Gala Hispanic Theatre

3301 14th Street NW,
Washington, DC 20010

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Related Websites

Gala Hispanic Theatre (Official)

Additional Info

Previously operated by: Crandall Amusement Company, Warner Bros. Circuit Management Corp.

Architects: Thomas White Lamb

Functions: Live Theater, Retail

Styles: Italian Renaissance

Previous Names: Tivoli Theatre

Phone Numbers: Box Office: 800.494.8497

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News About This Theater

Gala Hispanic Theatre

One of the grand old palaces of Washington, DC, the Tivoli Theatre was opened April 4, 1924 with over 2,000 seats. It was built and operated by Crandall Amusement Company. From 1928 it was operated by Warner Bros. Theatres. Operated by District Theaters chain from 1965, it was closed and boarded up in 1976, and was almost saved by a group of local supporters during the late-1970’s.

After over 25 years closure, the Tivoli Theatre has benefited from a revitalization of the Columbia Heights neighborhood that’s now underway

Now reopened in January 2005 as the Gala Hispanic Theatre, a small stage theatre in the former Tivoli Theatre’s balcony, and mixed retail use in the rest of the building.

Contributed by Ross Melnick

Recent comments (view all 24 comments)

GSenda on May 12, 2006 at 6:09 am

I have been trying to remember just where this theatre was for years.

In the 50s, I saw House on Haunted Hill, 13 Ghosts, The Tingler there.

All of the above were with the full William Castle props and hoopla including a nurse in the lobby and an ambulance standing by outside.

Not too far away on the other side of 16th Street (towards Conneticut Avenue) was a theatre where I saw South Pacific. On the way to that theatre was one which played Mary Poppins.

About a block away was a 24 hour newstand and a White Tower Hamburger stand.

We moved out of Washington in early 1965 so we did not see the 1965 riots. Though the area was near Georgia Avenue and a lot of buildings were torched.

Out on Connecticut Avenue near the zoo was a theatre which showed Cinerama movies. I saw one or 2 there ( I think it may have been How The West Was Won).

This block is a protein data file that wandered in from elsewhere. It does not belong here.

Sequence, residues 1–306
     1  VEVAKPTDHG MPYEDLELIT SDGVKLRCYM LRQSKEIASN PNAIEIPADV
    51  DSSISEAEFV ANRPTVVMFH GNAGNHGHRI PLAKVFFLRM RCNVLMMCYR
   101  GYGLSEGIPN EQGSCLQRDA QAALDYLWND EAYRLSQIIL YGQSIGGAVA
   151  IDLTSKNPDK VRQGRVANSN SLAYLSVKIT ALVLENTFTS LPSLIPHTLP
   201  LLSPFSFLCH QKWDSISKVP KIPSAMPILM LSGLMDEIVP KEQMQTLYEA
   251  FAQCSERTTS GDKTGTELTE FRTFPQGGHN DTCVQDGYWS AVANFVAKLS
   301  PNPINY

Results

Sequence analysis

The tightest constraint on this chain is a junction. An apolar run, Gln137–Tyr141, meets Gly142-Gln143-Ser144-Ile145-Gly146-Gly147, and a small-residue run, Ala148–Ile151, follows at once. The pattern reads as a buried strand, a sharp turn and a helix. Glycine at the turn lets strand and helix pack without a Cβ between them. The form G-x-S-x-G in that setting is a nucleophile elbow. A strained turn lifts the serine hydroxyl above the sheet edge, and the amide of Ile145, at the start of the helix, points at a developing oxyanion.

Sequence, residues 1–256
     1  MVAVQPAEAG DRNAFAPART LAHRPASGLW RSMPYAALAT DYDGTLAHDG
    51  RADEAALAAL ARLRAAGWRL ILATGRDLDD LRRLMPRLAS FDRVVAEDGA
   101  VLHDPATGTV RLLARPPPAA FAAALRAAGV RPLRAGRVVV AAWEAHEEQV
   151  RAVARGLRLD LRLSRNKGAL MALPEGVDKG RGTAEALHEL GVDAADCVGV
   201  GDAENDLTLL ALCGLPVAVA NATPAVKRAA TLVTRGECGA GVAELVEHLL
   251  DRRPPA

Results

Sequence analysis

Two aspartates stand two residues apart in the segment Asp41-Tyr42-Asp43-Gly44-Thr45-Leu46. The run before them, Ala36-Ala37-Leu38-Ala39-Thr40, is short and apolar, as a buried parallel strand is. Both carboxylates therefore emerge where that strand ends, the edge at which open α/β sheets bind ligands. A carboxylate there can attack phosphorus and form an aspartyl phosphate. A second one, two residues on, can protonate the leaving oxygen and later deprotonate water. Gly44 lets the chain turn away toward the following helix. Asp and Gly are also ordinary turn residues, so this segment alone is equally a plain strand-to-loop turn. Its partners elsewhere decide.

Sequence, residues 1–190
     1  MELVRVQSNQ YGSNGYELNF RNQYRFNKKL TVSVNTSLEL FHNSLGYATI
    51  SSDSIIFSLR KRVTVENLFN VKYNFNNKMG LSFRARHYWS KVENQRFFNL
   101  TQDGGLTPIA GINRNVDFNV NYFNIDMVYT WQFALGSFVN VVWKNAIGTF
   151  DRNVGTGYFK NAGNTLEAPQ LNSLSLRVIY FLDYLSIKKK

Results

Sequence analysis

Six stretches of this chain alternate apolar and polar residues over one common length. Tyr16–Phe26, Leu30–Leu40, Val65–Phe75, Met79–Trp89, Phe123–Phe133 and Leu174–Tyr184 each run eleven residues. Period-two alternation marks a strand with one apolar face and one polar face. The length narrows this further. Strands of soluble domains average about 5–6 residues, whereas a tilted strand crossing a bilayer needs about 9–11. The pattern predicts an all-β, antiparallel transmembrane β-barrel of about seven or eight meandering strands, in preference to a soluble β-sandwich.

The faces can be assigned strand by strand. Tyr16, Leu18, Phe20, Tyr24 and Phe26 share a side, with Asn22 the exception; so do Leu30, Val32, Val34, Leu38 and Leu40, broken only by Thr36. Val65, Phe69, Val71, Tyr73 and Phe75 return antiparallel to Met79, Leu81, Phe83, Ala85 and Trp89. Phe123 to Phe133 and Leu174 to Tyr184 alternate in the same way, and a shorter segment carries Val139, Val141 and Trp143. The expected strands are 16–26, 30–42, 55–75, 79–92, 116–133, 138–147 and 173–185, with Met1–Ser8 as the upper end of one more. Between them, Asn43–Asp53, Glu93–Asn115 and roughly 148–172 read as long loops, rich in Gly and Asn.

Downtown near the White House was a theatre that played Goldfinger. I was awed by the picture of a two-block long Shirley Eaton and the huge Goldfinger sign.

I also recall the row of strip clubs and theatres near the FBI building and one theatre near the Greyhound Station were we saw the movie Pepe with Cantinflas.

George Senda
Concord, Ca

EcRocker on January 28, 2009 at 5:54 pm

Wow Lost I must have passed by there at least a few dozen times and I never knew it was there.

JackCoursey on February 4, 2009 at 7:20 pm

Here are 2008 photos of what remains of the Tivoli: 1, 2, 3

cher on April 21, 2009 at 9:23 am

Does anyone who attended Saturday matinees at the Tivoli in the late 1950s/early 1960s remember the prices of a bag of popcorn and a soda? Thanks!

tluzeckyj on May 29, 2009 at 4:42 pm

has anyone seen any photos of the interior of the theatre depicting the Battisi mural painting that are currently undergoing full restoration?

teecee on November 13, 2009 at 2:02 pm

Drove by on Wednesday. The area has a lot of new construction and appears to be prospering as much as is possible in this economy.

Luis Vazquez
Luis Vazquez on September 21, 2010 at 11:58 am

Why are there no interior photos on their website? Was the interior destroyed? If not, why is it not celebrated and shown on their website?

I am searching Washington DC theaters as a possible wedding venue but am frustrated by the lack of interior photos fro this theater which, to me, implies that the interior is generic.

MediaQueen on May 11, 2011 at 3:26 pm

Great renovation job on what I used see on a daily basis when I lived on Monroe street NW in the mid to late 90s. It was a neglected relic. I remember seeing stray dogs and rats come out of it.

rivest266 on June 20, 2015 at 5:24 pm

April 4th, 1924 grand opening ad in photo section

Rick on February 4, 2017 at 4:40 pm

My first projection booth experience in 1958. I visited the booth and asked the operator what kind of machines the projectors were. He replied “its all Simplex”, to which I answered it look complex to me. I had been told that one wall of the booth had window so patrons could look in. The operator said that had been many years before.

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